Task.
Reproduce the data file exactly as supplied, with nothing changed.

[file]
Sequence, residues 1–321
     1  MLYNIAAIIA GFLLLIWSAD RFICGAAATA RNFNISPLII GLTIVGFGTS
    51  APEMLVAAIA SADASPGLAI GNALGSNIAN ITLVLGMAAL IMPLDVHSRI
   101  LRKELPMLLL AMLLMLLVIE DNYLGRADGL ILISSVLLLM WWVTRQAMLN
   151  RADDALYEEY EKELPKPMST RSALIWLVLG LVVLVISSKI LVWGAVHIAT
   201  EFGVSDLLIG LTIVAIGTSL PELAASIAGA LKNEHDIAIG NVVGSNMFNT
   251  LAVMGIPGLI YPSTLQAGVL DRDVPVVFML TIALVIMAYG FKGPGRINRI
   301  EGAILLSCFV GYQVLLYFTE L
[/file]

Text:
Sequence, residues 1–321
     1  MLYNIAAIIA GFLLLIWSAD RFICGAAATA RNFNISPLII GLTIVGFGTS
    51  APEMLVAAIA SADASPGLAI GNALGSNIAN ITLVLGMAAL IMPLDVHSRI
   101  LRKELPMLLL AMLLMLLVIE DNYLGRADGL ILISSVLLLM WWVTRQAMLN
   151  RADDALYEEY EKELPKPMST RSALIWLVLG LVVLVISSKI LVWGAVHIAT
   201  EFGVSDLLIG LTIVAIGTSL PELAASIAGA LKNEHDIAIG NVVGSNMFNT
   251  LAVMGIPGLI YPSTLQAGVL DRDVPVVFML TIALVIMAYG FKGPGRINRI
   301  EGAILLSCFV GYQVLLYFTE L